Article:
# Tables in Lua

Share the page with

# Tables in Lua

• Tables in Lua container type data-structure
• They can be employed to represent arrays, sets, records, among other type of data-types.
• We can access the entries of a table using index or key.
• Even, Lua modules/ library can be represented as a Lua table.
• Tables in Lua are dynamically allocated objects

Under the hood, Lua never makes hidden copies of new tables, like other languages like python 😡

{} is the table constructor in Lua.

For example

• Creating empty table
a={}

• Adding entries of table “on the fly”
a["x"]=10
k="y"
a[k]=20

• Getting the values from table
print(a["x"]) -- we will get 10
a["y"] -- we will get 20

• We can also use numbers as key
a[4]="hello world"


A table is always anonymous. There is no fixed relationship between a variable that holds a table and table itself.

a={}
a["x"]=1.0
a["y"]=2.0
a["z"]=3.0
b = a -- both b and a point to same data, no separate table.
a=nil --> nullify a, do not worry b is still there
b=nil --> now b is gone, we cannot have table entries now :()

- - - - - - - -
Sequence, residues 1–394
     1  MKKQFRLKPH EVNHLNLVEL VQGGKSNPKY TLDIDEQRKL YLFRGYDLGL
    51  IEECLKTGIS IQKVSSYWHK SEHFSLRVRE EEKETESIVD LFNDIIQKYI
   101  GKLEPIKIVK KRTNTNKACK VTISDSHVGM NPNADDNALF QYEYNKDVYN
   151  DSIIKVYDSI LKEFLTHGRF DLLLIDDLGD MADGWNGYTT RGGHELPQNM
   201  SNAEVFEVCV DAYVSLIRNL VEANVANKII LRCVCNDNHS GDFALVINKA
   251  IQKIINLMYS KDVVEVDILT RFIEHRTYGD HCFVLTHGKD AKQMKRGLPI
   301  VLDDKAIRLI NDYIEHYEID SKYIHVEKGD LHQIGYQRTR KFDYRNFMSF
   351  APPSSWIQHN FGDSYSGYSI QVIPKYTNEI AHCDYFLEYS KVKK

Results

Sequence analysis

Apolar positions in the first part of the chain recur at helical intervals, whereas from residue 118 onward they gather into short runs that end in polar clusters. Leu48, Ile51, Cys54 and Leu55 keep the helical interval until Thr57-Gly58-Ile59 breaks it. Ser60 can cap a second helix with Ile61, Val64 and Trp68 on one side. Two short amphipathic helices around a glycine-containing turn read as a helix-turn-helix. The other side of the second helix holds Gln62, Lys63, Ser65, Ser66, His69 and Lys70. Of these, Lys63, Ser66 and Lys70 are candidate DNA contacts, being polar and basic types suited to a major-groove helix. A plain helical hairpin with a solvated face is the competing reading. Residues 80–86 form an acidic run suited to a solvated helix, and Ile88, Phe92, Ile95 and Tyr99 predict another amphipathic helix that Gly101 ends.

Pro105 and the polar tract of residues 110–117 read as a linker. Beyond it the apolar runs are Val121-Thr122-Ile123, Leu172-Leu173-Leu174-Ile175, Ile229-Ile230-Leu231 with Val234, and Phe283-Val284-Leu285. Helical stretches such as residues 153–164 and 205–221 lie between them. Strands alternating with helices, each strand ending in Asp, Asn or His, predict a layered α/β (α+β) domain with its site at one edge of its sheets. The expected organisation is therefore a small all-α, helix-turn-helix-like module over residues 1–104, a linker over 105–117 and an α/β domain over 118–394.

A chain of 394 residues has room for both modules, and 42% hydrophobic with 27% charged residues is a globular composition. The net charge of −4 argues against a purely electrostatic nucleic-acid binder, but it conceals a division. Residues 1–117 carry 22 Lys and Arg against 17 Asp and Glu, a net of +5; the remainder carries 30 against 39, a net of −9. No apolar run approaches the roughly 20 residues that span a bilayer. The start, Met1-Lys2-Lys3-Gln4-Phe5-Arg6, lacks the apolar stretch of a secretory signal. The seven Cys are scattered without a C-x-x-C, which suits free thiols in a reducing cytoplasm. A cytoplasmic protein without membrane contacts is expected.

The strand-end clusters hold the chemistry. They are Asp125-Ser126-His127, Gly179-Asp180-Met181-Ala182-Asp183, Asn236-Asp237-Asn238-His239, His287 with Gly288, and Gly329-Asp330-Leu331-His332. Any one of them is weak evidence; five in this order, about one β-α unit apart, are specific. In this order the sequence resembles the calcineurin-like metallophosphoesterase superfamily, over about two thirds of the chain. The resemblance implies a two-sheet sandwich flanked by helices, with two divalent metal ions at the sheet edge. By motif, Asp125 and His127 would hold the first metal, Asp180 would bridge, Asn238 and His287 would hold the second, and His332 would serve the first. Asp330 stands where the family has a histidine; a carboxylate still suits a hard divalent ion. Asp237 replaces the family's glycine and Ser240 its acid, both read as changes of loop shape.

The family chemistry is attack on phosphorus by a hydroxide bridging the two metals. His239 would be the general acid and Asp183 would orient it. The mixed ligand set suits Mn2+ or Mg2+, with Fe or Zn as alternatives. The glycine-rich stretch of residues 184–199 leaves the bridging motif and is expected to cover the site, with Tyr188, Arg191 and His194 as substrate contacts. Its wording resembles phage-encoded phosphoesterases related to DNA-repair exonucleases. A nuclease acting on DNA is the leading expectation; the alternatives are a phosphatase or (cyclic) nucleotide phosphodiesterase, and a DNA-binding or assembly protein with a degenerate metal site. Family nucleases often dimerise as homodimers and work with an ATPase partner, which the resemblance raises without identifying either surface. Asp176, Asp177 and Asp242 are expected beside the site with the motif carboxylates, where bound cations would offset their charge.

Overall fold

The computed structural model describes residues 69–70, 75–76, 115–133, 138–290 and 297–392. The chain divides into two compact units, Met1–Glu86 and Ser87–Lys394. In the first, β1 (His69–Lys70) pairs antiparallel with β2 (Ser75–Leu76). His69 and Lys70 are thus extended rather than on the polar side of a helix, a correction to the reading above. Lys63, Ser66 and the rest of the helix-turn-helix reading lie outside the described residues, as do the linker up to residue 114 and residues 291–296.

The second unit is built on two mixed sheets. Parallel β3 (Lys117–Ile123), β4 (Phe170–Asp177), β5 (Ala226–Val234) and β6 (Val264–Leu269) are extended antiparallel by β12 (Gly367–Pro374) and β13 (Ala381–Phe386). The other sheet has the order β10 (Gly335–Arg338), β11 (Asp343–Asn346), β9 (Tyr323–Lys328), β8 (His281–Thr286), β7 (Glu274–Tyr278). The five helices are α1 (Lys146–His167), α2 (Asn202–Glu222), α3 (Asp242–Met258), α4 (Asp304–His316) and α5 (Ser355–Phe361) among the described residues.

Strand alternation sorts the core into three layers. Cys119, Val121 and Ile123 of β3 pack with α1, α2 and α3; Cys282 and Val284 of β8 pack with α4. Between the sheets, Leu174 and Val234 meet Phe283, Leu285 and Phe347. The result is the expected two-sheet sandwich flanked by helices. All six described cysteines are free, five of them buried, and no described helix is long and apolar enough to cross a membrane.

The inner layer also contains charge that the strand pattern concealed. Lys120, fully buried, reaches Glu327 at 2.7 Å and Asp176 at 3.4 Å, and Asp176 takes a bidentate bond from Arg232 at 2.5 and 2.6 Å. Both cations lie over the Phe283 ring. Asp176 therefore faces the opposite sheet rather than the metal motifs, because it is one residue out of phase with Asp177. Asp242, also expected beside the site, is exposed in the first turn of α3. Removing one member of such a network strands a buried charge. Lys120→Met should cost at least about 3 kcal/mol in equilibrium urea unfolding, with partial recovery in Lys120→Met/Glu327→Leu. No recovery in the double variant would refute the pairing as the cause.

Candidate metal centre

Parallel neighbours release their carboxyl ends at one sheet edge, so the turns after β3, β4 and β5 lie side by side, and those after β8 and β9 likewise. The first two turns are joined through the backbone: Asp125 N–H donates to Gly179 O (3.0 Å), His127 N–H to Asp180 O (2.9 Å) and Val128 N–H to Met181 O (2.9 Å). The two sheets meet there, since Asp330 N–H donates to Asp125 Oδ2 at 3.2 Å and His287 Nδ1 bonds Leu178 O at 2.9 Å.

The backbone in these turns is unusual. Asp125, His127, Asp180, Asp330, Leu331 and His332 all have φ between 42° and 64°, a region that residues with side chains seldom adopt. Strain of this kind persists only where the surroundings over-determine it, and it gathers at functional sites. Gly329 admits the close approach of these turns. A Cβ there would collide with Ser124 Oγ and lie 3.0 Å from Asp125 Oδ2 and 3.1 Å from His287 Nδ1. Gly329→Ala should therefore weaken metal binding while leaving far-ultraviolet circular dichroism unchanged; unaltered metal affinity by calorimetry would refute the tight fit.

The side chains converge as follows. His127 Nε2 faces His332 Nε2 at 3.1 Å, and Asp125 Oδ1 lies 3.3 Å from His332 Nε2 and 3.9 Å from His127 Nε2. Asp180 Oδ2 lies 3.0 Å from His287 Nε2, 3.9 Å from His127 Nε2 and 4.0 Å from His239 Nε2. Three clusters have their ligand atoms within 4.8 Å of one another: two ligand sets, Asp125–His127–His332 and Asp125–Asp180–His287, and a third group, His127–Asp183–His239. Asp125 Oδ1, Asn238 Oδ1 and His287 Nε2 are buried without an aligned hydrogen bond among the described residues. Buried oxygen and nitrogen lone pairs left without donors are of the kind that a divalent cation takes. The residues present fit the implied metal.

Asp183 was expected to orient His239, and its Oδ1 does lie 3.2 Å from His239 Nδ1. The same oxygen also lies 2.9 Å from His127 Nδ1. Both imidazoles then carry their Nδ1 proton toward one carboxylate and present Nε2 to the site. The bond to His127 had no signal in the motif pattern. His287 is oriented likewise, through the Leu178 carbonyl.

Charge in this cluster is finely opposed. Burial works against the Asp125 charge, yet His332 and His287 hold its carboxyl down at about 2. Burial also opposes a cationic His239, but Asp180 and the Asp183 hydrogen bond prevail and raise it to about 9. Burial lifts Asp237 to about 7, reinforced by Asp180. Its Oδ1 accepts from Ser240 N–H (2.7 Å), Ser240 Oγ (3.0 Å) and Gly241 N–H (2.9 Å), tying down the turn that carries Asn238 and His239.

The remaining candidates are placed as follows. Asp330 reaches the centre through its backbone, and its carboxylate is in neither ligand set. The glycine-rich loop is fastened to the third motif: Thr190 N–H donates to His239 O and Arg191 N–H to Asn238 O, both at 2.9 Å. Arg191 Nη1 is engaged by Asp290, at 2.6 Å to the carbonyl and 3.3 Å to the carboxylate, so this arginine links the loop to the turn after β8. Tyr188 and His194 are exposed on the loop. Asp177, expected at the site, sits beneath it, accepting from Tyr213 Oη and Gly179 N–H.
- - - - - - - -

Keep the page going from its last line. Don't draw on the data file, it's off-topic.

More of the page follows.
When there is no references to a table/ object, then garbage collector comes and clean the space occupied by that object. In this way, as a user we do not have to worry about the memory leak.

• We can use a.name instead of a["name"] to access the element from table which has key name. Therefore, in above example a.x will given us 1, and a.z with give us 3.0.

We can also use floating point as key 🐺.

## Table constructor

We have already seen the empty table constructor, which is given by a={}. We then added entries to the table using a["x"]=10, or we can use a.x=10.

There is another way to construct the table.

extlibs={"LAPACK95", "BLAS95", "FACE", "PENF"}


the we can access the entries using:

extlibs[1] --> "LAPACK95"
extlibs[4] --> "PENF"


We can also use key-value construct.

a={x=10, y=10, z=20}


then we have

a["x"] --> 10
a.x --> 10


## Removing fields of table

a={x=10, y=20, z=30, name="point1"}
a.name --> "point1"
a.name = nil --> a.name is gone


## Insert an element

t={}
table.insert(t, 1, 10) --> insert 10 at t[1]
table.insert(t,20) --> insert 20 at t[2]
table.insert(t, "x", 30) --> t["x"] = 30


## Removing an element

t={1,2,3,4}
table.remove(t) --> remove the last element
table.remove(t,1) --> remove first element


## Table traversal

We can traverse all key-value pairs in a table with the pairs iterator.

t={x=10, y=20, z=30}
for k, v in pairs(t) do
print(k,v)
end

Share the page with